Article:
Week 6.  GIU, chapters 8, 9, 10, 11, 13 (5 key ideas).

Week 7.  Attendance at the ASPA conference (March 16-19).

Week 8.  Final Exam due Saturday, March 30.

Academic Honesty:
As a learning community, the University upholds the highest standards of academic integrity in all its academic activities, by faculty, staff, administrators and students. Academic integrity involves much more than respecting intellectual property rights. It lies at the heart of learning, creativity, and the core values of the University. Those who learn, teach, write, publish, present, or exhibit creative works are advised to familiarize themselves with the requirements of academic integrity and make every effort to avoid possible offenses against it, knowingly or unknowingly. Park University 2012-2013 Graduate Catalog Page 21-22

Plagiarism:

Plagiarism is the appropriation of another person's ideas, interpretation, words (even a few), data, statements, illustration or creative work and their presentation as one's own. An offense against plagiarism constitutes a serious academic misconduct.  Although offenses against academic integrity can manifest themselves in various ways, the most common forms of offenses are plagiarism and cheating. Plagiarism goes beyond the copying of an entire article. It may include, but is not limited to: copying a section of an article or a chapter from a book, reproduction of an art work, illustration, cartoon, photograph and the like and passing them off as one's own. Copying from the Internet is no less serious an offense than copying from a book or printed article, even when the material is not copyrighted.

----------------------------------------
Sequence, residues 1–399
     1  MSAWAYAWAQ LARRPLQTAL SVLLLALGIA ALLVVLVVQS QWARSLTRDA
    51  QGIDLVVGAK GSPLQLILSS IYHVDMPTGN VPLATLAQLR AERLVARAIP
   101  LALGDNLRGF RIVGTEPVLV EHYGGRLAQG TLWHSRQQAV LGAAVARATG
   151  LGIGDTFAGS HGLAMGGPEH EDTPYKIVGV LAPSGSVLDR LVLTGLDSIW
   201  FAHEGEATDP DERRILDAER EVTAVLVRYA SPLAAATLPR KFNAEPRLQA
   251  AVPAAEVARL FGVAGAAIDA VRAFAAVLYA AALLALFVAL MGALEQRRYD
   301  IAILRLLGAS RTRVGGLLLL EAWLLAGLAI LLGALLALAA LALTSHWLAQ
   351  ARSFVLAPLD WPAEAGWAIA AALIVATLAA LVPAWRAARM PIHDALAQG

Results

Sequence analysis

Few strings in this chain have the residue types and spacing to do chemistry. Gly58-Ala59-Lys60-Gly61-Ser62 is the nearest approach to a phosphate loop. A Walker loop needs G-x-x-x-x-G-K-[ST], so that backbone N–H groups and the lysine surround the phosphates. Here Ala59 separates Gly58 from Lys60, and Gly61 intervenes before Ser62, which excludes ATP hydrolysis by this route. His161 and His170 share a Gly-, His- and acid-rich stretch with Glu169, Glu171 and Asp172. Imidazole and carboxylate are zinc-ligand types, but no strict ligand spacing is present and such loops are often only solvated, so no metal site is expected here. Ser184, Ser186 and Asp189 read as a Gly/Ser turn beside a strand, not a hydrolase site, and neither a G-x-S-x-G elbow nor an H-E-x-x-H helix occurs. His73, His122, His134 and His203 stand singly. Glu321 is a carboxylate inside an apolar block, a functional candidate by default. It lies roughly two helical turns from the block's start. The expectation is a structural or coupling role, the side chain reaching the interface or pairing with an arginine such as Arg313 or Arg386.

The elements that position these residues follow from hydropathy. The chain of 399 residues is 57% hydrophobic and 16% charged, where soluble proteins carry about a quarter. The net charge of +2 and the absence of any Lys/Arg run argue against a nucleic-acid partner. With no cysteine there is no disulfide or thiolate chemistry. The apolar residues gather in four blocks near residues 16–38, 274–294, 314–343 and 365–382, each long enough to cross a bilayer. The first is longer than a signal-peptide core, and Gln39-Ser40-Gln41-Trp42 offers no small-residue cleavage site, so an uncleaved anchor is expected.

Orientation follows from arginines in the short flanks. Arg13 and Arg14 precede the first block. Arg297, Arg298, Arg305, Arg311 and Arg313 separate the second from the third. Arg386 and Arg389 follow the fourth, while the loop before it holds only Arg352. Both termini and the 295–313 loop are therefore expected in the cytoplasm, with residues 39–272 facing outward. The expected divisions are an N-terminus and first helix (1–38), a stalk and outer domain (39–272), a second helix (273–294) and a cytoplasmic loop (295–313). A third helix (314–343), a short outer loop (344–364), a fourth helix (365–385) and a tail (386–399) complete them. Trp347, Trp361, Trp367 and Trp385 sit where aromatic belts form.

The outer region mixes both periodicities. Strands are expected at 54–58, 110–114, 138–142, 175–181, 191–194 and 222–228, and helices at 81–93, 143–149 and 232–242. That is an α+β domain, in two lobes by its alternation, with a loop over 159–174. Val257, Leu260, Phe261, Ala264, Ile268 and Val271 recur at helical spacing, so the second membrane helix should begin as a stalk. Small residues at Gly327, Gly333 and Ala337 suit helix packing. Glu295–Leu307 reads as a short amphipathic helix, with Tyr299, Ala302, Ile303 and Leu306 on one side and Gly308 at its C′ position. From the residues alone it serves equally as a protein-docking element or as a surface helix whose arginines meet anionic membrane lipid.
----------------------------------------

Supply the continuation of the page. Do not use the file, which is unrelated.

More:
Plagiarism also includes borrowing ideas and phrases from, or paraphrasing, someone else's work, published or unpublished, without acknowledging and documenting the source. Acknowledging and documenting the source of an idea or phrase, at the point where it is utilized, is necessary even when the idea or phrase is taken from a speech or conversation with another person.

Park University 2011-2012 Graduate Catalog Page 21


Attendance Policy:

Students must participate in an academically related activity on a weekly basis in order to be marked present in an online class. Examples of academically-related activities include but are not limited to: contributing to an online discussion, completing a quiz or exam, completing an assignment, initiating contact with a faculty member to ask a course related question, or using any of the learning management system tools. Park University 2012-2013 Graduate Catalog Page 26

Disability Guidelines:
Park University is committed to meeting the needs of all students that meet the criteria for special assistance. These guidelines are designed to supply directions to students concerning the information necessary to accomplish this goal. It is Park University's policy to comply fully with federal and state law, including Section 504 of the Rehabilitation Act of 1973 and the Americans with Disabilities Act of 1990, regarding students with disabilities. In the case of any inconsistency between these guidelines and federal and/or state law, the provisions of the law will apply. Additional information concerning Park University's policies and procedures related to disability can be found on the Park University web page: http://www.park.edu/disability .

Copyright:

This material is protected by copyright
                               and can not be reused without author permission.

Last Updated:12/18/2012 1:03:23 PM